“Is it possible one of your kids put something in the toilet,” my landlord asked me the other day as he inspected my clogged toilet.
“Uh … It’s not just possible, it’s probable.” I mean, HELLO. Do you not see the two crazy boys scampering at your feet? They put strange things in their own bodies — shoving foreign objects in a toilet means nothing to them but a good time.
After conducting his own investigation, my landlord called in a plumber. Together, they spent the next several hours outside of my house engaged in all manner of official looking plumbing-type endeavors: looking at pipes, banging pipes, pacing around the lawn with what appeared to be a metal detector, digging up random patches of grass, and frequently popping into the house to request that I flush the toilet.
And then I suddenly found myself in my kitchen having a conversation about my period with my landlord, the two of us avoiding eye contact at all costs.
“Tampons.” He said to the kitchen counter. “It was tampons.”
“Like, the plastic tampon applicators?” I asked the kitchen counter, confused.
“No. Actual tampons. Used ones,” he added. Just in case I couldn’t put two and two together. “Did you know you’re not supposed to flush them?”
“Actually, no. I did not. I mean, I don’t flush the applicator, of course. But the actual used tampon? Yeah, I flush that.”
“Yeah, you’re not supposed to,” he told the kitchen counter.
“I did not know that.” I reply to the kitchen counter.
Shocked and confused that I’d made it almost 40 years old not knowing such a thing, I called the woman who taught me how to use tampons in the first place.
“Did you know this,” I asked my mom. SHE didn’t know.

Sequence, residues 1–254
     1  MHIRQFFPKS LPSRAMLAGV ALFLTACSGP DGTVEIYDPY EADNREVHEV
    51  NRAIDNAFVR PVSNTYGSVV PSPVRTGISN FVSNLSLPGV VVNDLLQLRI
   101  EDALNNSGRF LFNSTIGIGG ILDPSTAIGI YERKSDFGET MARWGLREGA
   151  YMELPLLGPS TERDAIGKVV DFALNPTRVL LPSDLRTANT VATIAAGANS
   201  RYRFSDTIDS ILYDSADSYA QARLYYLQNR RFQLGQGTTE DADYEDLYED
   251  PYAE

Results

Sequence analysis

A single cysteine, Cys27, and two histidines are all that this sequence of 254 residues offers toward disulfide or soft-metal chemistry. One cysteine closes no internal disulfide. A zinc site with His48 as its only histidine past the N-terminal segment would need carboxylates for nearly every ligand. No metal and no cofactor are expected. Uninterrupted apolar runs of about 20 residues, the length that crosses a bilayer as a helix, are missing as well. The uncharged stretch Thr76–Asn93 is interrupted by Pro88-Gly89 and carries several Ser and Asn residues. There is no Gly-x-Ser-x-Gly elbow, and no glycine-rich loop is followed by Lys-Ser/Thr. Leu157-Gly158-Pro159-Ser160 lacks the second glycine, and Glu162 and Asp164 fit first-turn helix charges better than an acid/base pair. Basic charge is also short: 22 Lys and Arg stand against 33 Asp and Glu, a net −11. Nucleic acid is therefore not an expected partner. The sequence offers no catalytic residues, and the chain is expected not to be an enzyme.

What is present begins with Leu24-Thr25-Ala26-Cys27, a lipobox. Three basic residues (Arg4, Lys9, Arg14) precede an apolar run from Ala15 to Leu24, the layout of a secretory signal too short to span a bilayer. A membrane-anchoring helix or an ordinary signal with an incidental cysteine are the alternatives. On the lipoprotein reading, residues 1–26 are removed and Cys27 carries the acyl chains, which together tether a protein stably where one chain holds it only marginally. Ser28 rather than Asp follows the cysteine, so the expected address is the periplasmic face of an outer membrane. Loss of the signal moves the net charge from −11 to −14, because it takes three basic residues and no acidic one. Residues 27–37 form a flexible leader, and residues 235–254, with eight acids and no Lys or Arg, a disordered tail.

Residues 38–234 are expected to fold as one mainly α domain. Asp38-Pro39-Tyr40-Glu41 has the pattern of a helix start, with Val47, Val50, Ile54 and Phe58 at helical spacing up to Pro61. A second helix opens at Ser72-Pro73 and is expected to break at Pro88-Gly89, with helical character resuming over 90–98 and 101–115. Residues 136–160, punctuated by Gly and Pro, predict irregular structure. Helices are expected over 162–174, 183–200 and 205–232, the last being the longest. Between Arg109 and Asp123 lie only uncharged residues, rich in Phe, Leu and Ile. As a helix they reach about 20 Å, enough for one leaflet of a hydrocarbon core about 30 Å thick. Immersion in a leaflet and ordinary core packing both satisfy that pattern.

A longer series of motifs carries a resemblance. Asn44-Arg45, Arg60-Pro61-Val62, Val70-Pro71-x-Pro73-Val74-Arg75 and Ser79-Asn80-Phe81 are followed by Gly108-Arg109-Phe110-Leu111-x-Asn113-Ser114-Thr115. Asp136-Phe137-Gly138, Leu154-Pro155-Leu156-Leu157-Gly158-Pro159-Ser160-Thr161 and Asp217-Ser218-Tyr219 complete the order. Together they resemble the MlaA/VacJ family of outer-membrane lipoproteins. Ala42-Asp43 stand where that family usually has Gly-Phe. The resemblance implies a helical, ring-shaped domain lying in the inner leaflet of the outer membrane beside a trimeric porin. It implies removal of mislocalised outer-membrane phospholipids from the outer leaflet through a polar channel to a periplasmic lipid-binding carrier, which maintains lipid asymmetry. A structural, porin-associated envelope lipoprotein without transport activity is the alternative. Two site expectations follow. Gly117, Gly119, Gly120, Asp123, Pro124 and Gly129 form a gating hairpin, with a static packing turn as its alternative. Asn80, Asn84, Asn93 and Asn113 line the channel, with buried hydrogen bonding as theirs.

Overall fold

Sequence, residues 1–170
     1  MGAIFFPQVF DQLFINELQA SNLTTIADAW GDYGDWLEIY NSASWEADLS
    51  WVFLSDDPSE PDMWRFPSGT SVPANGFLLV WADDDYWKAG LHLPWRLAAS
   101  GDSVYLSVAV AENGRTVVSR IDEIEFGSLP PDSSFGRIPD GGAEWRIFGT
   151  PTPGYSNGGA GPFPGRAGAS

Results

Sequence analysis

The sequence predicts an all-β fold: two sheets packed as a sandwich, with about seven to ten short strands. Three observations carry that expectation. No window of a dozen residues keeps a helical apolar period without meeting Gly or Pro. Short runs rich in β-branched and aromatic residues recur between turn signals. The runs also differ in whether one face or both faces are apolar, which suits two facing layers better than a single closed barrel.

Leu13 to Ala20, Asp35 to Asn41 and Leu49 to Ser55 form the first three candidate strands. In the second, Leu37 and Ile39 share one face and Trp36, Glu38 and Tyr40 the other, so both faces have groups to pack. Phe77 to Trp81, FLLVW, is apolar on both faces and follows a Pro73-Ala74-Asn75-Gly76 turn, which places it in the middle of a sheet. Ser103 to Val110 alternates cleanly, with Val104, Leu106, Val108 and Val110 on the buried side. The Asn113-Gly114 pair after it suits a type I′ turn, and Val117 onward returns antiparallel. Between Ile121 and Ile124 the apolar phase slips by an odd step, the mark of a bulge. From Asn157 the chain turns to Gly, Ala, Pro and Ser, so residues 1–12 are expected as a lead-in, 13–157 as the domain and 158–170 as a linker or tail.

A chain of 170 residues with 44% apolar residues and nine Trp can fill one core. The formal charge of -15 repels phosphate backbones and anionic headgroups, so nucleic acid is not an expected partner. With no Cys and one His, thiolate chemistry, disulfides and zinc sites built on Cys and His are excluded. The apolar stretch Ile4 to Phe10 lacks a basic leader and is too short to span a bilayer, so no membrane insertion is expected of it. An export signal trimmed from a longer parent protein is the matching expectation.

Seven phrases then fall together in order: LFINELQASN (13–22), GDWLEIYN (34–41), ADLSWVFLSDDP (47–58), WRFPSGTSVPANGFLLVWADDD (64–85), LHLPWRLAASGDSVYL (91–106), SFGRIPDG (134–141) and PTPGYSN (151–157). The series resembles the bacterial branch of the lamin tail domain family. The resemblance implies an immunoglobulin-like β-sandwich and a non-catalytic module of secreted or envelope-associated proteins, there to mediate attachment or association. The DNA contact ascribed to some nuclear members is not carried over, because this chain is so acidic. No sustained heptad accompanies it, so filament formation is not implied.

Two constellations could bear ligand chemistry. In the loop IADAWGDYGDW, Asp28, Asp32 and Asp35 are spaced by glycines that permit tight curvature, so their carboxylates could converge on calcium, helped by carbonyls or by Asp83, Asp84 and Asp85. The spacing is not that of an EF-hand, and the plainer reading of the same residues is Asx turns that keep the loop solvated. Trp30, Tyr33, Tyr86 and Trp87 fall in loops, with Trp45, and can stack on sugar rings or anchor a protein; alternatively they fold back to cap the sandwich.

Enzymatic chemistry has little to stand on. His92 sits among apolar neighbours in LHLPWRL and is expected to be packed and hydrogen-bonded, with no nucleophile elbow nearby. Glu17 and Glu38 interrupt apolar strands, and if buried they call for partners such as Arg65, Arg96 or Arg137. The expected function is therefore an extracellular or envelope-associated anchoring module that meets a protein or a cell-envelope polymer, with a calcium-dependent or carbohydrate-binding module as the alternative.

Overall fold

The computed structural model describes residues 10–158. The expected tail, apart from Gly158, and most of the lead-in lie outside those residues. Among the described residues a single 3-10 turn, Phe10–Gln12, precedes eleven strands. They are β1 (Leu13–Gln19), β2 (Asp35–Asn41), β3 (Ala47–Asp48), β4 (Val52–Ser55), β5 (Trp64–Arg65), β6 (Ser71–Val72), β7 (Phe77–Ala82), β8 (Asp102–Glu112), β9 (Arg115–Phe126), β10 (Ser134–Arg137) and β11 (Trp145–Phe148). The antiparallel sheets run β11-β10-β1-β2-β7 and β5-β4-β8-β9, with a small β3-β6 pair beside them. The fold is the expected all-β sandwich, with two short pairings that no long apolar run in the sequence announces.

We can’t be alone in this way of thinking. Even the official tampon instructions on the Playtex website say, “Flush the used tampon or place in an appropriate waste container.” I’d always assumed all those signs in restrooms that say DO NOT FLUSH FEMININE PRODUCTS were referring to the plastic applicator or pads. But a used tampon? That was supposed to go in the toilet, I thought.
Isn’t that a huge part of what makes tampons great? The fact that you can flush them and avoid the mess? I can’t get rid of them fast enough! But lo, I’ve been wrong all these years. This is even more devastating than when I learned that you aren’t supposed to use Q-tips in your ears. I mean, really. WHY ARE THEY EVEN MAKING Q-TIPS?
Later that night, my mom texted me that she’d asked several girls at work in their 20’s about their tampon disposal methods. Some said they didn’t know you weren’t supposed to flush them and some said they knew flushing was wrong but still flush anyway — but everyone admitted to flushing. I took an informal poll at my own place of work with similar results.
I mean, God. Remember pads? Wadding them up in no less than an entire roll of toilet paper and hiding the hideous lumps beneath benign bathroom garbage? And God forbid you have a dog. Everyone knows how that turns out. I once came home from high school with my friends only to find that my dog had chewed up one of my mom’s used pads in the living room. You can imagine the scene (and my mortification). And now you want me to wrap used tampons in toilet paper and let them hang out in the trashcan as reminders of the worst time of my month?
Yes, yes that’s what we’re expected to do.
Jezebel agrees that it’s not OK to flush tampons and even shares a handy little video showcasing what happens when you do flush a tampon. Basically, tampons don’t break down like toilet paper, as I’d assumed because it’s 2016 and why are we not making tampons that can deteriorate? Apparently, they pretty much just stay tampons for a really, really long time — except expanded. They swell in size like a sea monkey on steroids. And if one gets caught in your sewer line, it’ll probably catch the next tampon headed out of town and so on and so forth. Before you know it, you’ve got yourself a Tampon Situation.
In conclusion, your kid’s dead pet goldfish? Flush away! Your disgusting, used tampons? Nope.
Did you know you can't flush tampons?
Uh oh! Please try again later.